Totally integrated, Unico nonetheless offers a modularity that, according to its constructor, will allow other future functions to be integrated in the place of, or “above”, the chronographic function. As Jean-Claude Biver says, “We have tried to do better than what existed earlier, to be more reliable and precise since what’s the point in doing something less good?” What does its constructor think? “It is simpler than the 7750 and I think that it will be more solid and more reliable… at least in 30 years—that is for certain,” he adds with a smile, knowing full well that the quality of a movement will become clear over time.

The Swiss watch planet in movement – Part 5 HUBLOT’S KING POWER with UNICO movement

First deliveries at the end of 2011
Announced for the end of the year, the Unico, which we must admit is quite attractive under its black ruthenium treatment, is in the ‘pre-industrial’ phase and its production will gradually increase. An assembly atelier with some thirty posts is currently being installed. Ultra-modern, it has lubrication robots—oiling is done with doses of compressed air—and precise quality control instruments. It is divided into separate stations, each carrying out several operations in lots of 20 to 50 pieces.
Most of the fabrication and treatment of the components—cutting, machining, electrolysis—is done in-house in a facility with brand new equipment. In all, the investments made for Unico are estimated to be around CHF 3 million.

The Confrérie Horlogère Hublot
Without going into detail about the collapse of BNB, let’s remember that Hublot, which was its principal client, purchased before its demise was announced the movements, stocks, several patents and hired 30 of its watchmakers. Then, after the failure, Hublot purchased the equipment leasing agreements and moved the machines to its own site. Mathias Buttet, the boss of the ex-BNB, packed up and arrived at Hublot along with the company’s machines and tools as well as 28 watchmakers who were masters in ten metiers: chemistry, cutting, constructor, etc.—in other words a true manufacture within a manufacture.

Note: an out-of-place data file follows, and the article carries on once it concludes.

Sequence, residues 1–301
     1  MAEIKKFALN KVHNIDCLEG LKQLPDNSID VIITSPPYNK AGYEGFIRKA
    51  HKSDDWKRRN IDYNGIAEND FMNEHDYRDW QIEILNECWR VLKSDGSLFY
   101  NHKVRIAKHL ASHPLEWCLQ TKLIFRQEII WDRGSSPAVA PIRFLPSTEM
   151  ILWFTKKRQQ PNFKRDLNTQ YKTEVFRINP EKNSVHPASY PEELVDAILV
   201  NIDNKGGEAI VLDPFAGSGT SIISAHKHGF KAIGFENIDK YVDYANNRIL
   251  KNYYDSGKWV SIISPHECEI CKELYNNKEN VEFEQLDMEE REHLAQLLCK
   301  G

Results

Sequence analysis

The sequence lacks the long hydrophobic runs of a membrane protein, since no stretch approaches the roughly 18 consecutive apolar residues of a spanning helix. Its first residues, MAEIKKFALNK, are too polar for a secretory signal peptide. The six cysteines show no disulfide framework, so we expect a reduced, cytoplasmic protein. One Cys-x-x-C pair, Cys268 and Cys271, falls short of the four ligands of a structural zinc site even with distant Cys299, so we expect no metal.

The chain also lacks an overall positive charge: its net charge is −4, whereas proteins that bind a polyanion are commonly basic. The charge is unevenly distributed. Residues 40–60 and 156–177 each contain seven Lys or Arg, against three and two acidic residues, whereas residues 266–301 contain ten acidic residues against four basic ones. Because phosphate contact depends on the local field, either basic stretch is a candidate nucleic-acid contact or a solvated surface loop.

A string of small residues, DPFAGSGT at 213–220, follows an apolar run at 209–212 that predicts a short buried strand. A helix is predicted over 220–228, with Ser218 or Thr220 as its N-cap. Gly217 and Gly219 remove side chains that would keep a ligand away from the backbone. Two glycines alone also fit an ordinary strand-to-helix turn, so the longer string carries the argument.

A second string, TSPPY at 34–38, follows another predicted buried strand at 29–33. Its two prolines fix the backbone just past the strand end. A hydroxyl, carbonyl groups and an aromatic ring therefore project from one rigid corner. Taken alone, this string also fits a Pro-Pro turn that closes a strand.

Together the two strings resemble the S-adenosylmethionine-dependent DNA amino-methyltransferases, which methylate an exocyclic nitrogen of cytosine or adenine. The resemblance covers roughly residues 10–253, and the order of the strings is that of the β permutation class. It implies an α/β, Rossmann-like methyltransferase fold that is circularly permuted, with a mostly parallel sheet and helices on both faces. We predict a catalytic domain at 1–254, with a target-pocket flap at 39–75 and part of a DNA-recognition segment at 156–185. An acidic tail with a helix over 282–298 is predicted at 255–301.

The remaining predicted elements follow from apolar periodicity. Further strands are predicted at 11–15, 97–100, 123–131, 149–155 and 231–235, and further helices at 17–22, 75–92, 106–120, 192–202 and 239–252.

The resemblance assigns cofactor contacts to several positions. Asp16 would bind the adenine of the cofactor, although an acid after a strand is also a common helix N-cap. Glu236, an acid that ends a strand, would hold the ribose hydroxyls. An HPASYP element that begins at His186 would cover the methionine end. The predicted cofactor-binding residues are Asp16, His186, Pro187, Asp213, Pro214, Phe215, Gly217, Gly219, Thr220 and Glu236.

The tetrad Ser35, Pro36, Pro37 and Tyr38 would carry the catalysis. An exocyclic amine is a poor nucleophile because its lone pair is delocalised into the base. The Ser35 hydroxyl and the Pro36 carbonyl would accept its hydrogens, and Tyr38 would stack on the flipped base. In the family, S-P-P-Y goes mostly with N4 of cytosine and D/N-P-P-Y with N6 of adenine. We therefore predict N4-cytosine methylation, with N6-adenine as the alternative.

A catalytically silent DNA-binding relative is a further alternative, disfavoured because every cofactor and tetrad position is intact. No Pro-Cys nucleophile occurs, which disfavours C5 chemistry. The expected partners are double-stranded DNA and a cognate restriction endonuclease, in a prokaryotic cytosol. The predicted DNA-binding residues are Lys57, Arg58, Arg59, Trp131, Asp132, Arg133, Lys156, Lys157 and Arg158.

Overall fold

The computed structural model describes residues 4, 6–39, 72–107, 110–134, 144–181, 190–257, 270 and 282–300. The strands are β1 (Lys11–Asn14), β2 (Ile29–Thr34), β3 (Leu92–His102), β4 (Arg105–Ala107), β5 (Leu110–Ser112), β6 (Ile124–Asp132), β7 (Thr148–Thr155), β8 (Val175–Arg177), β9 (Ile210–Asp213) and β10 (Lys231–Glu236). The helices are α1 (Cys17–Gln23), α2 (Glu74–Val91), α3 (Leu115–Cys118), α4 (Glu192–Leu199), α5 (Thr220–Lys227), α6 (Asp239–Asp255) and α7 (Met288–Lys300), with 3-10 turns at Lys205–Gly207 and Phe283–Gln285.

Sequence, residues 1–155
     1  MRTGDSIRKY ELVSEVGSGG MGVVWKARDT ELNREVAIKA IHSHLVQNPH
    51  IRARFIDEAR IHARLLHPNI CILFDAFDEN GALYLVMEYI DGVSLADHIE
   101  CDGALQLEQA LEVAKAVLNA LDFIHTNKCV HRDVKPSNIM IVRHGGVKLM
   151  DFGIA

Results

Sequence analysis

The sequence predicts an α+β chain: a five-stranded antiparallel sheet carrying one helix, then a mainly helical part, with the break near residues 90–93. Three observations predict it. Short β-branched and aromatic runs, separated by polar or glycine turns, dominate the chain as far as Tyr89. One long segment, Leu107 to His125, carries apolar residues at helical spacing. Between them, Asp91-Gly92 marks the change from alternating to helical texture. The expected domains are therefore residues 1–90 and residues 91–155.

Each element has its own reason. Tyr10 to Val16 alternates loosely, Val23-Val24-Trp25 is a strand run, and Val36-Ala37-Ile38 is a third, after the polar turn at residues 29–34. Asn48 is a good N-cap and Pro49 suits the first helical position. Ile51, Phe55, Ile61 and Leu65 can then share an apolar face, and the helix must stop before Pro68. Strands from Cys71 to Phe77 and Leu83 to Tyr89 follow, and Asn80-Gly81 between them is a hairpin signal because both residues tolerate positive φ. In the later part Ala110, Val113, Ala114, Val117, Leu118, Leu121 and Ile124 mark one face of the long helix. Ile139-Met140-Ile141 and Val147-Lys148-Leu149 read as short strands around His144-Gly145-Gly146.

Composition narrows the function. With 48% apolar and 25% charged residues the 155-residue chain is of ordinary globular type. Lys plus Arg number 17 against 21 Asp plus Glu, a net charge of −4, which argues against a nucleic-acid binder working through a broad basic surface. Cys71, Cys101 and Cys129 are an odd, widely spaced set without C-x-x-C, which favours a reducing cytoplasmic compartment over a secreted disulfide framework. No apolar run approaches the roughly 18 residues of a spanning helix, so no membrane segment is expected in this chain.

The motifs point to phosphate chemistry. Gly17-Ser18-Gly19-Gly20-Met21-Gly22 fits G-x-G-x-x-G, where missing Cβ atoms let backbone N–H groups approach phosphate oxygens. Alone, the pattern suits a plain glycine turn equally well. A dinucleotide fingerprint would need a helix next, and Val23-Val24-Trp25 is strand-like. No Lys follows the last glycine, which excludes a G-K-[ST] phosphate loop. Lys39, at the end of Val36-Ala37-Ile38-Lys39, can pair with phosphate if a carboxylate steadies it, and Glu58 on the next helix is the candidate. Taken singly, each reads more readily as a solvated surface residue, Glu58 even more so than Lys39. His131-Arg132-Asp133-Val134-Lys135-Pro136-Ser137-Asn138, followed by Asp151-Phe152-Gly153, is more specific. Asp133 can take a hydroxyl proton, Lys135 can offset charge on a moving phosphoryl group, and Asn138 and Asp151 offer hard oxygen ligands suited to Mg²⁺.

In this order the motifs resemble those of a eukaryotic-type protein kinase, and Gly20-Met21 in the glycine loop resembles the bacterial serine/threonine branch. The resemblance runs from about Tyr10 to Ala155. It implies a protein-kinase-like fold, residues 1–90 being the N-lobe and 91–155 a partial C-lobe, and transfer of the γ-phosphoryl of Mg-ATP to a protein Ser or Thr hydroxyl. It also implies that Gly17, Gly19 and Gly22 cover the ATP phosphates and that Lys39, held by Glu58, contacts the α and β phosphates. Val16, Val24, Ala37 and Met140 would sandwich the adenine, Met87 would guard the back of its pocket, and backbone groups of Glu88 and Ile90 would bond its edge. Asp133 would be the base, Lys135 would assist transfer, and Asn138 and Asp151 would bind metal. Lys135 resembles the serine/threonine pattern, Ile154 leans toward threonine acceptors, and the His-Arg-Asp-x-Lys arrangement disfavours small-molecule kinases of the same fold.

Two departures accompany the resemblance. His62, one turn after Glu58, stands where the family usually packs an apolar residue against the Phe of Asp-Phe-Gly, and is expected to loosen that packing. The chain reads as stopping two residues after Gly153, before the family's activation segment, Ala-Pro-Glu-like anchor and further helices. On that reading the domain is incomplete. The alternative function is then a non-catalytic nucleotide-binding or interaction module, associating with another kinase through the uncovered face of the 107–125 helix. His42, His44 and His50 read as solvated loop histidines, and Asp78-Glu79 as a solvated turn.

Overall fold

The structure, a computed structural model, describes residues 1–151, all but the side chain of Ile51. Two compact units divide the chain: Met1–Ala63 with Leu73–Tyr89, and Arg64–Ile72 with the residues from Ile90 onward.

Since then, Hublot has been divided into two parts to produce two different types of movements: the Unico, on one hand, and pieces for Hublot’s haute horlogerie products on the other, comprising mainly tourbillons, minute repeaters, perpetual calendars, and exceptional pieces that were named the Confrérie Horlogère Hublot. These latter pieces “do not come directly from the DNA of Hublot,” as Biver himself admits, but they confer upon the brand an undeniable watchmaking legitimacy that benefits Hublot overall, without mentioning the many interactions and synergies that are developing between the two different units. It is a little like Hublot having a super research and development department that does not produce ‘theoretical’ works but that realizes innovative watchmaking concepts.
Among these concepts, Europa Star was able to see truly exceptional pieces that are planned for presention at BaselWorld next year: the already famous Clé du Temps, a really amazing variable speed movement whose case and design have been totally revisited, and another outstanding piece—on which we will return as soon as we can—that was inspired by the mysterious and fascinating Anticythère. This ‘astronomical machine’, dating back to more than 2,000 years ago, is the oldest geared machine in the world and represents an unprecedented savoir-faire. It was found in 1900 at the bottom of the seas near a small Greek island, which gives the machine its name.

Source: Europa Star October - November 2010 Magazine Issue